ALL the clues were there telegraphing the misery to come in Albert Square...
The brass band was playing In The Bleak Midwinter. Shirley the permanent scowl was “full of festive cheer”, indicating something was seriously amiss.
And Danny “Mick Carter” Dyer ventured: “This is turning out to be the best Christmas yet,” having clearly never watched the show at this time of year.
You can’t go bandying about tempt-fating lines like that and expect to get away with it. Not on EastEnders.
And lo, it came to pass, that the repulsive rape storyline festering for two months exploded in a rain of fisticuffs from Mick down on Dean, the nephew who he’d learned had violated his wife.
Except, in a perfect storm at the Vic, the other truth emerged that Dean isn’t in fact his nephew with this familiar sounding line, mid-pummel, from his “sister” Shirley: “HE’S YOUR BROTHER! AND I’M YOUR MUM!”
Which in no way is a direct, imagination-free regurgitation of the 2001 “YOU AIN’T MY MOTHER!” “YES I AM!” moment between Zoe and “sister” Kat Slater.
I will give EastEnders this, though. All context aside, it was the best Christmas episode since the Max and Stacey affair DVD seven years ago.
And the Boxing Day fallout was even better, with Timothy West’s facial gestures, as Stan processed all the info, worth the entrance fee alone.
See the bigger picture, however, and it’s nothing more than the depressing culmination of months of depressing plots.
There’s no light to balance the shade, no chuckle to the (Carter) brothers.
Oh, they’ve tried. In fact they’re so desperate to inject some humour that the writers are even attempting to turn Nasty Nick into a comedy character, which truly is hitting rock bottom.
So let’s leave the whole sorry bunch to clear up Danny Dyer’s barroom mess and cast our eye at the rest of the festive telly, an occasion no longer celebrated by ITV aside from one exception this year.
With at least some of Downton Abbey’s Christmas Day episode controversially set at Christmas for once (of all the crrrrazy ideas), the channel was always going to have one undisputed highlight – the Lynda Bellingham 1984 Oxo advert during Corrie.
It raised the white flag to the BBC by abandoning the traditional 3.10pm family film in favour of Alan Titchmarsh wandering around Buckingham Palace garden pointing at bushes for an hour.
And I’m sorry, but Paul O’Grady’s dog business and You’ve Been Framed is putting in about as much effort as Channel 5’s highlight, Chas & Dave’s 1982 seasonal special.
I got more enjoyment discovering More4’s The World’s Biggest Penis on Tuesday night clashed with Jack Whitehall’s Little Cracker than I did with ITV’s entire Christmas Day output.
So, as ever, BBC1 had a free run at it, inevitably with mixed results.
Strictly Come Dancing’s festive show finally had a point, with returning contestants instead of randoms we haven’t enough time to invest in emotionally (Dave Myers next year, please).
The panto theme had Chris Hollins as Dick, Louis Smith as another one and Russell Grant the genie, from Braveheart.
Stars of the latest series entertained at a care home, killing two birds with one stone by picking up Bruce Forsyth on the way to the studio.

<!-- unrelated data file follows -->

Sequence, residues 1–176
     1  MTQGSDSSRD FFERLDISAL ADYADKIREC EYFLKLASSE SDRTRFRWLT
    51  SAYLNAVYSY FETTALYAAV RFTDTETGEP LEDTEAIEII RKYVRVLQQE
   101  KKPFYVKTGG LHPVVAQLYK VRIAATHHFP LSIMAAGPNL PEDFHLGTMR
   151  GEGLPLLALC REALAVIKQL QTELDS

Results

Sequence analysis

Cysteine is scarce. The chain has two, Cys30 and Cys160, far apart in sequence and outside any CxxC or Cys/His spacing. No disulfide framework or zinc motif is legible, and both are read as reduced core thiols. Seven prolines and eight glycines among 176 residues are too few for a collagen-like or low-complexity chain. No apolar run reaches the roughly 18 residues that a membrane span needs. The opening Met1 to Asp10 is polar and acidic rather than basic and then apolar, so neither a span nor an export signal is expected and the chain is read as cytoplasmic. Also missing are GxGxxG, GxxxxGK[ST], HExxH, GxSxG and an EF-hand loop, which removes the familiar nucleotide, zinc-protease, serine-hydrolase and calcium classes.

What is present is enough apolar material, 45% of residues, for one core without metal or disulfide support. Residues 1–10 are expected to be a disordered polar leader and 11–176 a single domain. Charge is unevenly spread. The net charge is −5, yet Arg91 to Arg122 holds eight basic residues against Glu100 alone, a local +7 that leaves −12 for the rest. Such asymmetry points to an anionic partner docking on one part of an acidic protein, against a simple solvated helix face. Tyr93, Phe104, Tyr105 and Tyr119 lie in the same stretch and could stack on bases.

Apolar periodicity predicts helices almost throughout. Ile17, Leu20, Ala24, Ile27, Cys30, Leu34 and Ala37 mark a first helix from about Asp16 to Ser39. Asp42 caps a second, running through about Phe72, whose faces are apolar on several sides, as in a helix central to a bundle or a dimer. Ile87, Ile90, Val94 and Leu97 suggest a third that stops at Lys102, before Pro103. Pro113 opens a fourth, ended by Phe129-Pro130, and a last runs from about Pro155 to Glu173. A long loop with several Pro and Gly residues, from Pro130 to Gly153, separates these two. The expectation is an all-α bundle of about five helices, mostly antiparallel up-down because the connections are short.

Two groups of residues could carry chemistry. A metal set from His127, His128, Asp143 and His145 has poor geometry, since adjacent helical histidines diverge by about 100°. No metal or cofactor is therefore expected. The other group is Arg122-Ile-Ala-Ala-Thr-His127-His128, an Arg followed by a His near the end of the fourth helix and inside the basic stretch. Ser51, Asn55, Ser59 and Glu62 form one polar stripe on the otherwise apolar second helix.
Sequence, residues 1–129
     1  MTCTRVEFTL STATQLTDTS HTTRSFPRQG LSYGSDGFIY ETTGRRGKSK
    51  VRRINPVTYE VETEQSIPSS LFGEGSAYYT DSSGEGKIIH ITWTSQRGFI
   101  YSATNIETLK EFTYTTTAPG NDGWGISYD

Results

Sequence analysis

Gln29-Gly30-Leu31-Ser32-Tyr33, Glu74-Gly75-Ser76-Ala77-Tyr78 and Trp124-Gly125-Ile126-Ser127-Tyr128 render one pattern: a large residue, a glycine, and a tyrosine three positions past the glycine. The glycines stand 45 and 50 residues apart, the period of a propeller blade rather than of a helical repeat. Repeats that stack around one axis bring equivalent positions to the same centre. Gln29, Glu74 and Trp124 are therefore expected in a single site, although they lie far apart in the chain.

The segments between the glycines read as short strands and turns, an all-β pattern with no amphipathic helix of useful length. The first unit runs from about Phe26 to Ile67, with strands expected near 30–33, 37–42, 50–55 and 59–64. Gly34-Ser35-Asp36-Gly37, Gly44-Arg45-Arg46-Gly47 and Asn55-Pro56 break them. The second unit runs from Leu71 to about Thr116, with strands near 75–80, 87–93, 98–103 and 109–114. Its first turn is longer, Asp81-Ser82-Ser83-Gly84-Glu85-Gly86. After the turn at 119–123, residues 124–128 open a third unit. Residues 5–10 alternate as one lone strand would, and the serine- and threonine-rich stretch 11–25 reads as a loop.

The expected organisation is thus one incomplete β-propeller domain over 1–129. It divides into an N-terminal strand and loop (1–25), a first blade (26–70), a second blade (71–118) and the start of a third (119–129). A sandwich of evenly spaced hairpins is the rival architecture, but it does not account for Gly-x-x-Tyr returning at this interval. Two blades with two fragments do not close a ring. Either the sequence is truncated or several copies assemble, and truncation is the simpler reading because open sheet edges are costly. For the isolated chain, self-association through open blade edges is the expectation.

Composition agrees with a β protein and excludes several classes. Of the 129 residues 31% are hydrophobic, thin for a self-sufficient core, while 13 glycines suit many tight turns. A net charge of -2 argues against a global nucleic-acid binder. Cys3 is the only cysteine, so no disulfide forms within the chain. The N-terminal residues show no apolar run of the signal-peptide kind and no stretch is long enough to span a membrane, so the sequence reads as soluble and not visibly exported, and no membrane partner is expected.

Yes, he was back, with the crowd reacting to his jokes like a bereavement and his song like a cathedral massacre.
And Tess Daly confirmed her place as the third most suitable Strictly host in the room, behind Brucie and Louis Smith’s pantomime cow.
Doctor Who was at its hide-behind-the-sofa scary best, with Nick Frost’s Santa stealing the best lines (“I can commit several million housebreaks in one single night dressed in a red suit with jingle bells, so of course I can get back in the infirmary”) and Peter Capaldi going full-on Tom Baker.
It would’ve been even better had the movie rip-offs not been so face-palmingly blatant, a fact acknowledged with that woman reading her December 25 itinerary of DVD viewing – Alien, The Thing, Miracle on 34th Street – on waking up.
Though the list should have also had Inception’s dream within a dream and Ring’s killer-crawling-through-the-TV horror.
The rest of the evening? An abject disappointment.
Dragging out the Miranda grand finale over two shows is like Peter Jackson squeezing 512 minutes of cinema out of The Hobbit book, although it did set a new endurance record of seven whole minutes before anyone fell over.
Mrs Brown’s Boys had belly laughs after a sluggish start but wasn’t up to last year’s brilliance.
And it’s beyond me what the Beeb was thinking allowing the scourge of modern society, the public marriage proposal, onto Michael McIntyre’s dreadful Very Christmassy Christmas Show or the host going into people’s homes looking for Jamie Oliver books (that’s entertainment, folks).
It would’ve been the cue for bed, had BBC2 not repeated the show of the year, Marvellous.
But if you thought anyone was saving some crackers for Boxing Day, you were waiting in vain.
Still Open All Hours confirmed that only the volatile till and David Jason’s Arkwright impression are half-amusing on this show.
The Boy In The Dress was the weakest of David Walliams’ three book adaptations to date, although I can’t deny it was the most uplifting comedy drama about a cross-dressing, football-mad schoolboy I’ve seen all week.
Nothing in either show topped the pregnant pause on Through The Keyhole that followed Louie Spence revealing he gets mistaken for panellist Louis Walsh but clears up the confusion by “telling them I’m the gay one”.
Then last night matters nosedived with C5’s The Haunting of Radcliffe Hall in which an artistically creative dad gets possessed by an empty hotel’s evil spirit, yet no one pointed out Stanley Kubrick had already made The Shining.
It was, nonetheless, terrifying. Almost as much as the second song on BBC1 within 48 hours by Brucie and two – TWO – by EastEnder Jessie Wallace on Bruce’s Hall of Fame.
So, in response to ITV’s You’ve Got To Love Christmas, I can say only this.
You’ve got to be joking.